A large proportion of the strength athletes sometimes use creatine powder. It is one of the most popular supplements, and its effect is scientifically proven. Creatine increases explosive strength and prevents acidification of your muscles. In general, creatine supplements are used during bulking, to build more strength and muscle mass. But can you also use creatine during the cut? In this blog, I’ll tell you if creatine use is smart when you’re dry training!
How does creatine work?
Before I start to tell you if using creatine while the cut is smart, I want to tell you about the effect briefly.
To control our muscles, our bodies need fuel. The fuel used to control muscle cells is called ATP (Adenosine Tri Phosphate). To provide energy, the body converts ATP to ADP (Adenosine Di Phosphate). Creatine ensures that this ADP is then converted back to ATP. This energy delivery system is called the ATP-CP system, or creatine phosphate system. This is one of the 3 different systems that our body uses to generate energy for delivering certain performance.
Therefore, the first system is the ATP-CP system, the second system is the lactic acid energy system, and the third system is called the oxygen energy system. Each system works differently but has the same objective, namely, to supplement ATP. Each energy system has a different speed at which this conversion takes place.
The ATP-CP system speedily delivers energy. However, the energy supply here is minimal. Creatine phosphate is first converted into ATP before muscle cells can use this as energy. Our muscles contain a limited supply of creatine phosphate, and therefore, this system provides no more than 10 seconds of energy.
Through creatine use, you ensure that your body has a larger creatine buffer. This makes it easier and more frequent to perform an explosive movement. If you use creatine, your muscles attract more water. You hold more moisture, and you see this again, both in the mirror and on the scale.
Creatine during cutting
It is sometimes thought that creatine causes more body fat or that it makes a reduction in your fat percentage more difficult. However, creatine does not increase your fat mass . However, it can cause an increase in weight because the body retains more fluid in the muscles.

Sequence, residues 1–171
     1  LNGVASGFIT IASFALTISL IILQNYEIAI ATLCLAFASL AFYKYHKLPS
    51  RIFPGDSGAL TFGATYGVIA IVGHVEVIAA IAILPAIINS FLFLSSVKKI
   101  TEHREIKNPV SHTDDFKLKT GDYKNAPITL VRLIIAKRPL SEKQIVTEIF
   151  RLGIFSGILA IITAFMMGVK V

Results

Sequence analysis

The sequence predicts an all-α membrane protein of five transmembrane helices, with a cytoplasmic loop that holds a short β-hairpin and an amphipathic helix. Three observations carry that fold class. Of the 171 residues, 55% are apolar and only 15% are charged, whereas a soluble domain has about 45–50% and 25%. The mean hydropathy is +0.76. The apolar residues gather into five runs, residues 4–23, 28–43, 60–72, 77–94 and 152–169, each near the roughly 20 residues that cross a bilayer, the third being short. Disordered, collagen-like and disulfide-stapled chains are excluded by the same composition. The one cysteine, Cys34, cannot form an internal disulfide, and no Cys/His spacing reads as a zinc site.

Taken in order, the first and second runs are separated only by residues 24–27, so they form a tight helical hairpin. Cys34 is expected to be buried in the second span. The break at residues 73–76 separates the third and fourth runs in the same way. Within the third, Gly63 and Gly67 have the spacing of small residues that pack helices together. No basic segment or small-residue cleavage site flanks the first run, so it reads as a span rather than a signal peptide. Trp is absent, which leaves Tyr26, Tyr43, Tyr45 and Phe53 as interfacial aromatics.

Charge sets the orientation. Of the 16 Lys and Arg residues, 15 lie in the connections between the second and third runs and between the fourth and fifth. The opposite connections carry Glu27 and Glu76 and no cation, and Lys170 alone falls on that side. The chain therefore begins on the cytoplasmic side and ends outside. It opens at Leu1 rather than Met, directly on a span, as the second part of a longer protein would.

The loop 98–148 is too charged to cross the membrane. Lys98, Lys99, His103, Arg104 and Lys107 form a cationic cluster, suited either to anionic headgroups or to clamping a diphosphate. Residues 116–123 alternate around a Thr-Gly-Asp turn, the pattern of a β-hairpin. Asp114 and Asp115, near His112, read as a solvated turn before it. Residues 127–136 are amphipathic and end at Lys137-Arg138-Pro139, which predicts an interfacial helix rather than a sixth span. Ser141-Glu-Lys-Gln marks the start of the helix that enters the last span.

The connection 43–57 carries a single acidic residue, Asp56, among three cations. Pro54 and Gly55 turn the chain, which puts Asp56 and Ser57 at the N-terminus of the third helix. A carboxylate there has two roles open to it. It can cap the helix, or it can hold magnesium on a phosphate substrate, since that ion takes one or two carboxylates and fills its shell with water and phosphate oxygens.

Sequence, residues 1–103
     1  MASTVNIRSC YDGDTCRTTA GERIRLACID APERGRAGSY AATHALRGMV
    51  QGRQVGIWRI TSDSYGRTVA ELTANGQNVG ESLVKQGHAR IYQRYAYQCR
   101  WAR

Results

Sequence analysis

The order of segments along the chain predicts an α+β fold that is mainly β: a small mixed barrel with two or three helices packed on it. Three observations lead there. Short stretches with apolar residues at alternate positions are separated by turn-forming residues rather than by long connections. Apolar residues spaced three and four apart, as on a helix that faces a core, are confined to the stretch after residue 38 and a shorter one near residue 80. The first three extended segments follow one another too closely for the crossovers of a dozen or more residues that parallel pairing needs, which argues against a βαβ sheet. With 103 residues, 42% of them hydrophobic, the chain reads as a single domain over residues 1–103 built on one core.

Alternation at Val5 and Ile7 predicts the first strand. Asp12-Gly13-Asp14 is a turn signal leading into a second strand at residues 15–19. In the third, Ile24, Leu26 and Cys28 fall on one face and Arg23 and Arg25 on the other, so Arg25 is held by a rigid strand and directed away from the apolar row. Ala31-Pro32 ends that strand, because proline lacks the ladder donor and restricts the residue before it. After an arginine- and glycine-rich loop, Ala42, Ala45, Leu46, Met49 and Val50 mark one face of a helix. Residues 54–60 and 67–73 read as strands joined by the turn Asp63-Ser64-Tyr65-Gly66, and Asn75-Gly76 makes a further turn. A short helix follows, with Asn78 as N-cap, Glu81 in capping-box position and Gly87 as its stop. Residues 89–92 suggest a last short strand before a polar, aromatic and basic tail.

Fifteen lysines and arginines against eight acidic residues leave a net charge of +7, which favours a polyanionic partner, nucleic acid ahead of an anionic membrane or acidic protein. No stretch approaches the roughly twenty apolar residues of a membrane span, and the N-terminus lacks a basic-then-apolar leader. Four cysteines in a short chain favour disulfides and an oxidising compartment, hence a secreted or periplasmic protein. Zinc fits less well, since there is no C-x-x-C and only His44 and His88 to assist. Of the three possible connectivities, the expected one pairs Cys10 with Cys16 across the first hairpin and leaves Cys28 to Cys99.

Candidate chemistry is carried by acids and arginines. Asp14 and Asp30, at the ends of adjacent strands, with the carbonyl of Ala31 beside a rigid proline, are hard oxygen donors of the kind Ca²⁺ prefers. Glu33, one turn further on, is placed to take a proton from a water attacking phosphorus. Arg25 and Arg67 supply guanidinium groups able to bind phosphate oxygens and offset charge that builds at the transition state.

If you want to lose weight, it is not immediately recommended to use creatine. Your weight will not decrease, rather increase slightly. When dry training, however, you don’t look purely at your body weight. You want to lose fat and maintain as much muscle mass as possible. In that case, creatine can offer an advantage. Because your muscles acidify less quickly and your explosive strength increases, you can continue to train harder. In this way, you stimulate muscle building better, and you counter the loss of muscle mass during cutting.
Using creatine during cutting is not essential. One likes to continue to use creatine to maintain strength and muscle mass. The other prefers not to use creatine because more moisture is retained. This makes you look less dry.
After taking creatine, this is absorbed through your gastrointestinal tract and transported to your muscles. Your muscle cells attract more water and swell slightly through it . Although the fluid is stored in the muscles and not in your skin, it can make you look less ‘hard’. Your muscles are less obvious, and you lose that sharp look.
Use creatine during the cut? Yes you can, as long as you take into account that you will retain some more fluid in your muscles and your weight will increase. Does this bother you? Then I recommend not taking a creatine supplement when drying.
Personally, I find it useful to take creatine when cut. It ensures that I have more strength and can continue to train heavily. This makes me less likely to lose muscle mass and stimulate my fat burning. I always opt for creatine monohydrate. This is the best creatine and also the most economical too!